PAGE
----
PhorestSalonSoftware – @thephorestword tweeted during #hairhour:
Scary. We did research among 1,500 salons. Only 17% of clients returned to the salons more than twice. Thoughts on why? #HairHour
— PhorestSalonSoftware (@thephorestword) July 30, 2014
Well it really is a staggering statistic – I replied listening to my gut feeling, “Quality of work?” And when I say quality of work, I’m thinking; why would a client who’s happy with her haircut want to change her hairstylist?
Jump back in time to the mid to late 1970s, I was working at Ricci Burns in the King’s Road, Chelsea, London and I thought that hairdressers in the provinces (everywhere outside London) were rubbish! Sounds very snobby, judgemental and biased – I know, but it was born out of some personal experience. My clients demanded excellence, their careers often revolved around their appearance, an inferior, sloppy hairdo would not have been accepted. On the other hand, the demand for a high quality hairdo in the provinces didn’t appear to be there; dare I say that clients in the provinces (the general public) wouldn’t’ve even recognised a good haircut in 1976 – yeah, I know that’s a massive generalisation, but what I’m talking about is a demand that drives hairdressing standards.
For me, this whole journey starts in the period between 1970 and the late 1980s, maybe it was when Vidal Sassoon created his line of hair-care products in the early 1970s? Most London salons had their own line of ‘self’ branded hair-care products for sale, but I think Vidal Sassoon was the first to go into major production (with Helen of Troy Corporation), selling in the USA and Europe in 1980. This was the beginning of celebrity hairdresser branded hair-care and beauty products. John Frieda, another big name in the UK, followed suit in the late 1980s. Today there are a plethora manufactured by global beauty companies like: Procter & Gamble (Vidal Sassoon), L’Oréal (Jean-Louis David), Estée Lauder (Bobbi Brown – Makeup Artist) and Unilever (Tigi for hair salons, Toni & Guy)…
Then there was Toni & Guy who franchised their business in the late 1980s – obviously they had their own branded hair-care products! In my view, it was Toni & Guy who not only improved hairdressing standards in the provinces, but also pushed up the price of hairdressing, and they increased competition on the high street. I won’t talk about Unisex (1960s), but that too plays a part.
Over the last five years or so we’ve seen the massive rise of social media which has had a profound impact on television, celebrity culture, mainstream journalism and of course the general public. The image of the self, including the selfie and user-generated photos, take on a new meaning and importance – everyone and anyone can suddenly become a celebrity by going ‘viral’! The public demand for high quality hairdressing hasn’t only arrived, but it may have exceeded the supply! Hence, “Only 17% of clients returned to the salons more than twice.” …The general public aren’t getting the celebrity service they now demand, so they are looking elsewhere for better. They are salon hopping! Actually, they should be complaining.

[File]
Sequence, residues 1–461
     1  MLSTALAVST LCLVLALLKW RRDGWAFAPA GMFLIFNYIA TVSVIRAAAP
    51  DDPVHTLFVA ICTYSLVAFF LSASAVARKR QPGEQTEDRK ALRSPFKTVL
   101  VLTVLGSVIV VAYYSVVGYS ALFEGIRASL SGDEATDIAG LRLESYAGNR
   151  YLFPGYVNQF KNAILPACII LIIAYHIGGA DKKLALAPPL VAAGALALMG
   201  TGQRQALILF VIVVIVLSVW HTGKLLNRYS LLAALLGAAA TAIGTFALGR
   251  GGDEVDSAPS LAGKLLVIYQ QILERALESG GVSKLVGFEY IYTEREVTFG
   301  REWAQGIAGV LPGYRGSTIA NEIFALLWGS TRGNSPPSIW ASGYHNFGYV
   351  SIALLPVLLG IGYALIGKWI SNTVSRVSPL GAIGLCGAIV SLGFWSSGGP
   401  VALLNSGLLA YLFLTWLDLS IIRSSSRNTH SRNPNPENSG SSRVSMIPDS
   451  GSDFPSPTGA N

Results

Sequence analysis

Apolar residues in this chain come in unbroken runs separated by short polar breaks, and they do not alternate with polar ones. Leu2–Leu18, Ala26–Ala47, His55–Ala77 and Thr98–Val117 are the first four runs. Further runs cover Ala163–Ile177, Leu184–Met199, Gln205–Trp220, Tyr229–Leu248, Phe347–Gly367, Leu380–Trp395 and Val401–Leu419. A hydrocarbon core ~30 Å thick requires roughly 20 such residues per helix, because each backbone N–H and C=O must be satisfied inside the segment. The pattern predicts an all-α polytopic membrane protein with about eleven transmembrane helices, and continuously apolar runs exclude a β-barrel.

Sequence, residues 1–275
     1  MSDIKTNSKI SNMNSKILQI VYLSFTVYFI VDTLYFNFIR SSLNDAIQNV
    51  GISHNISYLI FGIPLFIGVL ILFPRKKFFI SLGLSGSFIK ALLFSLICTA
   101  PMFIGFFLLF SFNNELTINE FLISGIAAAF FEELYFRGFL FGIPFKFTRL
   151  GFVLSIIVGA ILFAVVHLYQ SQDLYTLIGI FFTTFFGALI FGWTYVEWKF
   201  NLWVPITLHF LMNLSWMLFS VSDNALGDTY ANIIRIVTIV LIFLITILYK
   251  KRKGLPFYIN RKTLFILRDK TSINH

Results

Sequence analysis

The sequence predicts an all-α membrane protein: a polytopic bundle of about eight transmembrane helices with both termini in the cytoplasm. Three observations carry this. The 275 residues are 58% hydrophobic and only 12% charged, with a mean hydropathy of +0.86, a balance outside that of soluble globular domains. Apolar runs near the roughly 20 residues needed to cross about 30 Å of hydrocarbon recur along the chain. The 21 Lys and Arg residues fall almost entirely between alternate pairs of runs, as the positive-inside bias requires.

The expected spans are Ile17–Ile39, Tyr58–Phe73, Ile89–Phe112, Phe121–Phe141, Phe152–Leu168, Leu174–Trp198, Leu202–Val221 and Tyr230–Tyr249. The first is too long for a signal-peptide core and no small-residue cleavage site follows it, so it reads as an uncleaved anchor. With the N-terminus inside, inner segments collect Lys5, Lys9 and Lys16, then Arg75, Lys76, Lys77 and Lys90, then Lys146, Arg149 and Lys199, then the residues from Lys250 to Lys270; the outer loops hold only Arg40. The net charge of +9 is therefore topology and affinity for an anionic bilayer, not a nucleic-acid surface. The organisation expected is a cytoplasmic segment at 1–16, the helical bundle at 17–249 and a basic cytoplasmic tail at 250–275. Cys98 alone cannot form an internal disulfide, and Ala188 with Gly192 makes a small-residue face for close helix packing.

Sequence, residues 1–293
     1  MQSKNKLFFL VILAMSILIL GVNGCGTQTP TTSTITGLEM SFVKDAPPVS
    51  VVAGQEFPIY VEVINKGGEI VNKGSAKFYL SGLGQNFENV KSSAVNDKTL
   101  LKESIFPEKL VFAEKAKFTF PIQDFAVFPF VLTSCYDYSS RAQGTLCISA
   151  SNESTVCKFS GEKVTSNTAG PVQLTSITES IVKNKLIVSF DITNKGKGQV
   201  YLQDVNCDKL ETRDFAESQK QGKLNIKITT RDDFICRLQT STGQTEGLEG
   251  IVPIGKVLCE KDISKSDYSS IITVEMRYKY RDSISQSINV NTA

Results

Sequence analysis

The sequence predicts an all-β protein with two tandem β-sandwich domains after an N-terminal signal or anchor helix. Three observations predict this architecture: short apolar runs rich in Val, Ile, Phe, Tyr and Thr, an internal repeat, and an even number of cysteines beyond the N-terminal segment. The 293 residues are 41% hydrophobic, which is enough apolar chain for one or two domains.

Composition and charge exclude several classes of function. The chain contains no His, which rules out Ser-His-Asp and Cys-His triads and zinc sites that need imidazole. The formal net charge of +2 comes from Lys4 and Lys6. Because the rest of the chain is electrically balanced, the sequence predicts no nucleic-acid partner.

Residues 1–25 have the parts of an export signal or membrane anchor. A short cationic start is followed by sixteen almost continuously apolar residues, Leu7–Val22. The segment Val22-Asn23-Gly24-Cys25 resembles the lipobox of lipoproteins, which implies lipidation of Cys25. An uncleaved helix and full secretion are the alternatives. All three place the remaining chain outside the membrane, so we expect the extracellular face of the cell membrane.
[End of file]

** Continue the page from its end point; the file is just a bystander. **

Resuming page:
There is another explanation though:
Firstly, I’m always very suspicious about surveys and survey results & analysis. Phorest, who conducted the survey and who asked the question, are a salon software business – so they do have a vested interest and they will have an angle! I’ve a strong feeling they will say that if you use the Phorest Salon Software, you will be able to identify what’s going wrong and grow your business?
With greater competition on the High Street, salon owners are under more pressure to maximise their income from floor space, so they are renting out chairs to freelance hairstylists, therefore these salons may only be able to accommodate a ‘walk in off the street’ clientèle? …Walk-in clients are not usually regular and loyal. It all depends on the freelance to experienced staff member ratio.
And don’t forget the old adage, “a hairdressing salon is only as good as its worst stylist!”
Cover Image: Bruno’s book of haircutting (Couper les cheveux soi-même) by Bruno Pittini. Copyright & published 1976, this edition by Sphere Books 1979 – My copy is the last one left (I think). The book is a step-by-step guide to cutting your own hair, so, if you’re tired of expensive visits to the hairdresser…
Bruno Pittini (deceased) and I did a couple of fashion shows together in Paris in 1980/81.